Two years ago, while trying to rent and furnish a new apartment, I was defeated repeatedly by the answer to the question How much could it possibly cost? Getting a key cost $3,200 when it required paying a broker fee to some guy named Steve. Four planks of wood and some metal piping cost $1,499 when they were a West Elm bookcase. I had moved and bought furniture before, of course, but the financial horror is fresh every time. This go-round, the kitchen chairs were what broke me.
Like a lot of young people aspiring to move upward, I was in the market for some furniture crafted by Charles and Ray Eames, the mid-century designers who helped introduce modernism to the United States. The couple’s work has been central to the furniture style’s American revival in the past 20 years, but if you encounter high-end interior design mostly on Instagram and Pinterest, you probably know the Eameses by their chairs. The most famous pieces include a leather lounger-and-ottoman set with a curved wooden base that’s particularly beloved by men who work at start-ups, as well as a series of dining chairs with colorful molded-plastic bucket seats. Arguably the most recognizable of the latter is nicknamed the “Eiffel” for its trussed-metal leg structure; one of the most popular reproductions costs $595 from Herman Miller, the design’s original manufacturer. I needed at least four.
Nearly as quickly as the internet dashed my hopes of owning the coveted chairs, it came to my rescue—by showing me the wares inside its coat. In the days after I’d spent a few minutes browsing for the real thing, ads on Instagram, Facebook, and Google offered up identical chairs at virtually every price level from discount decor retailers such as Wayfair and Overstock. I could pay $35, $60, or $100 each for chairs with no discernible differences from one another, or from the “Eiffel” they were legally aping (abetted by copyright and patent laws that make it difficult to protect design as intellectual property). Absent any real information about what I’d actually need to spend to end up with something decent to sit in, I was left to decide how much it was worth to me to announce to my visitors and Instagram followers that I’m also a mildly unimaginative person who appreciates Eames.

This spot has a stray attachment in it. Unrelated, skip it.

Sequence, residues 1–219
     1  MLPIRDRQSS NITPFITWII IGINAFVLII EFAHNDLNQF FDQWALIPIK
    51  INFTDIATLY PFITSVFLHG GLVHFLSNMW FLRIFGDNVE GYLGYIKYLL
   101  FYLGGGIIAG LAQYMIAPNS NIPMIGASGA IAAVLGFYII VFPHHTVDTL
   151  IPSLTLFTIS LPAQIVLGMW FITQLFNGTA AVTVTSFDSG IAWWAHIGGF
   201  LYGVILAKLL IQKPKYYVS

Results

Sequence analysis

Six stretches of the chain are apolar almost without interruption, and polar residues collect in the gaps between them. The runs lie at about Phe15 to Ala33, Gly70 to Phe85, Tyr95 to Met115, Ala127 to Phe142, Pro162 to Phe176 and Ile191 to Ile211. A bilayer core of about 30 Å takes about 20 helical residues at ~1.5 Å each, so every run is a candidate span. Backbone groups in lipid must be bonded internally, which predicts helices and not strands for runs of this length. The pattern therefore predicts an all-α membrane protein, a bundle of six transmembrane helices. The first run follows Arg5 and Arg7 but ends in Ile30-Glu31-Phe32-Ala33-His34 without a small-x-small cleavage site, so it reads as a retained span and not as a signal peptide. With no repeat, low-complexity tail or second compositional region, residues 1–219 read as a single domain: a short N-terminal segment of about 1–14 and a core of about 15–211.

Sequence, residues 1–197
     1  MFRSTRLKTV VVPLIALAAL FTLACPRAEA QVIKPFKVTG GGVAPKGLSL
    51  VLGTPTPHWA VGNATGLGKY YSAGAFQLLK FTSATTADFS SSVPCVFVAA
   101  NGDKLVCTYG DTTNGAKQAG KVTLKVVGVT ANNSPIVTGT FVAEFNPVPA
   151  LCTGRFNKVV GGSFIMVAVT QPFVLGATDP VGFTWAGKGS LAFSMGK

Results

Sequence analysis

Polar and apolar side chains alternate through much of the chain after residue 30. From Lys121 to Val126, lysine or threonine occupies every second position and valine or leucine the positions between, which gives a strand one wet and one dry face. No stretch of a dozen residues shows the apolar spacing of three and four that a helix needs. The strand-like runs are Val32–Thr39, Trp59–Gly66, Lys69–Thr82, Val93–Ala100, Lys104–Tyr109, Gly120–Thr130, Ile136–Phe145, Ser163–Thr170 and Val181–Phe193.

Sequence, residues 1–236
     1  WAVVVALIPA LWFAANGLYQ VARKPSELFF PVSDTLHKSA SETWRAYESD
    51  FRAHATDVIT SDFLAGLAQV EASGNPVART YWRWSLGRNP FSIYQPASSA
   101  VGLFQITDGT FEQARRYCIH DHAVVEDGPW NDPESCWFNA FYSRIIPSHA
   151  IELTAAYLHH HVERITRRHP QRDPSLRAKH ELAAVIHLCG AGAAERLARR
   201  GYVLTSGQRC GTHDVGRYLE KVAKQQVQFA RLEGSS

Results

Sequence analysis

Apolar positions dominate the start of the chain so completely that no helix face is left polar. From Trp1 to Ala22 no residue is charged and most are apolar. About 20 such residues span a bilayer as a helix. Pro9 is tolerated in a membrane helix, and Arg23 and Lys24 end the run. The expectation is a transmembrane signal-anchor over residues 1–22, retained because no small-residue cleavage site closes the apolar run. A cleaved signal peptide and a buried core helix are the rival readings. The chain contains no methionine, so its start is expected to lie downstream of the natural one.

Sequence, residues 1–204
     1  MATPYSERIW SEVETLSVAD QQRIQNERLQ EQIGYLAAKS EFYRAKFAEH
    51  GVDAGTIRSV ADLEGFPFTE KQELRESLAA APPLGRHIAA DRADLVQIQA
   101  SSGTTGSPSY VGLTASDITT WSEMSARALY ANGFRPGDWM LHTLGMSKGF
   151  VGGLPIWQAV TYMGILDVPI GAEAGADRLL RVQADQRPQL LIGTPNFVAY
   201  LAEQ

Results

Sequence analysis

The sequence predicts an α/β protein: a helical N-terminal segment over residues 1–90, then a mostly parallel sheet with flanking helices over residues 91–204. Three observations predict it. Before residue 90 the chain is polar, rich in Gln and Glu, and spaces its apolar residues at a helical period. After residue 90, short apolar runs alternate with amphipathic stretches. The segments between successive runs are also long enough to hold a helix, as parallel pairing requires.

The presence of many nice-enough choices without any meaningful way to distinguish among them is a fundamental dysphoria of modern consumerism. Anybody can track in intimate detail how the wealthy and stylish spend their money via social media, and just when you’ve learned exactly what you can’t have, the internet swoops in to offer a look-for-less utopia of counterfeits, rip-offs, and discount cashmere sweaters, perfectly keyed to the performance of a lifestyle that young Americans desperately want but can’t afford.
It was 2017, and Venkatesh Rao, a writer and management consultant, was having lunch at a fast-casual vegan chain restaurant in Seattle when the phrase premium mediocre popped into his head. It described the sensation he was having as he tucked into his meal—one of a not-unpleasant artificial gloss (airline seating with extra legroom; “healthy” chickpea chips that taste like Doritos; $40 scented candles) on an otherwise thoroughly unspecial experience. I had a similar eureka moment in early 2018, when the portmanteau premiocre came to me while I was trying to parse the discriminating features among mid-priced bed linens from several start-up brands. I found Rao’s observation while checking to see whether, against all odds, I had come up with an original idea. Instead, I’d noticed something that many others also saw wherever they looked, once they had heard the idea articulated.